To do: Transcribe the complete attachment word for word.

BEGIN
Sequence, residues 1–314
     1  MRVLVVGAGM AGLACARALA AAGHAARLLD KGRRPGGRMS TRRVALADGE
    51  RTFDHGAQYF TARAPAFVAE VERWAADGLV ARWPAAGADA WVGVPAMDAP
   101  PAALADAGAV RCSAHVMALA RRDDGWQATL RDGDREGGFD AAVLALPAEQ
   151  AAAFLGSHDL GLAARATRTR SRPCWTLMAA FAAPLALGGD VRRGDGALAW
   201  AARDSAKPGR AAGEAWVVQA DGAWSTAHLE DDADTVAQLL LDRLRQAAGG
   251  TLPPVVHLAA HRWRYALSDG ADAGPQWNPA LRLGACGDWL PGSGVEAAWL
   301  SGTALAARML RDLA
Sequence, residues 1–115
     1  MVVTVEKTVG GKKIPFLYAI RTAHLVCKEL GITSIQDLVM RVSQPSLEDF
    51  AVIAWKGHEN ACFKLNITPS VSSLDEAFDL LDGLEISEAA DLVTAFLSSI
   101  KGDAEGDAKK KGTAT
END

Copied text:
Sequence, residues 1–314
     1  MRVLVVGAGM AGLACARALA AAGHAARLLD KGRRPGGRMS TRRVALADGE
    51  RTFDHGAQYF TARAPAFVAE VERWAADGLV ARWPAAGADA WVGVPAMDAP
   101  PAALADAGAV RCSAHVMALA RRDDGWQATL RDGDREGGFD AAVLALPAEQ
   151  AAAFLGSHDL GLAARATRTR SRPCWTLMAA FAAPLALGGD VRRGDGALAW
   201  AARDSAKPGR AAGEAWVVQA DGAWSTAHLE DDADTVAQLL LDRLRQAAGG
   251  TLPPVVHLAA HRWRYALSDG ADAGPQWNPA LRLGACGDWL PGSGVEAAWL
   301  SGTALAARML RDLA
Sequence, residues 1–115
     1  MVVTVEKTVG GKKIPFLYAI RTAHLVCKEL GITSIQDLVM RVSQPSLEDF
    51  AVIAWKGHEN ACFKLNITPS VSSLDEAFDL LDGLEISEAA DLVTAFLSSI
   101  KGDAEGDAKK KGTAT